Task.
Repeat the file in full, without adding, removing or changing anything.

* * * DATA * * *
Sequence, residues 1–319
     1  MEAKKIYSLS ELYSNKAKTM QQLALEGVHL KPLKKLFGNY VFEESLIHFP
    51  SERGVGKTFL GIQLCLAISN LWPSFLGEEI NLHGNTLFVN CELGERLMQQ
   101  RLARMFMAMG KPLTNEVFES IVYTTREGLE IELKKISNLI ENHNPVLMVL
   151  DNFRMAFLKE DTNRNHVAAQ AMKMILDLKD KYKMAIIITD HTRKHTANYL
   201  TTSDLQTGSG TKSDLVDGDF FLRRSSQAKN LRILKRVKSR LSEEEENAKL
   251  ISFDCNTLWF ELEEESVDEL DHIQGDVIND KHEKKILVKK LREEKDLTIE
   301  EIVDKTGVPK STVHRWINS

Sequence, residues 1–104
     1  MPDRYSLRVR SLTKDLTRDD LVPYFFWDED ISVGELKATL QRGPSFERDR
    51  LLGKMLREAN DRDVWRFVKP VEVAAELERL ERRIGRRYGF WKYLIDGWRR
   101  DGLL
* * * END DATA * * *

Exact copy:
Sequence, residues 1–319
     1  MEAKKIYSLS ELYSNKAKTM QQLALEGVHL KPLKKLFGNY VFEESLIHFP
    51  SERGVGKTFL GIQLCLAISN LWPSFLGEEI NLHGNTLFVN CELGERLMQQ
   101  RLARMFMAMG KPLTNEVFES IVYTTREGLE IELKKISNLI ENHNPVLMVL
   151  DNFRMAFLKE DTNRNHVAAQ AMKMILDLKD KYKMAIIITD HTRKHTANYL
   201  TTSDLQTGSG TKSDLVDGDF FLRRSSQAKN LRILKRVKSR LSEEEENAKL
   251  ISFDCNTLWF ELEEESVDEL DHIQGDVIND KHEKKILVKK LREEKDLTIE
   301  EIVDKTGVPK STVHRWINS

Sequence, residues 1–104
     1  MPDRYSLRVR SLTKDLTRDD LVPYFFWDED ISVGELKATL QRGPSFERDR
    51  LLGKMLREAN DRDVWRFVKP VEVAAELERL ERRIGRRYGF WKYLIDGWRR
   101  DGLL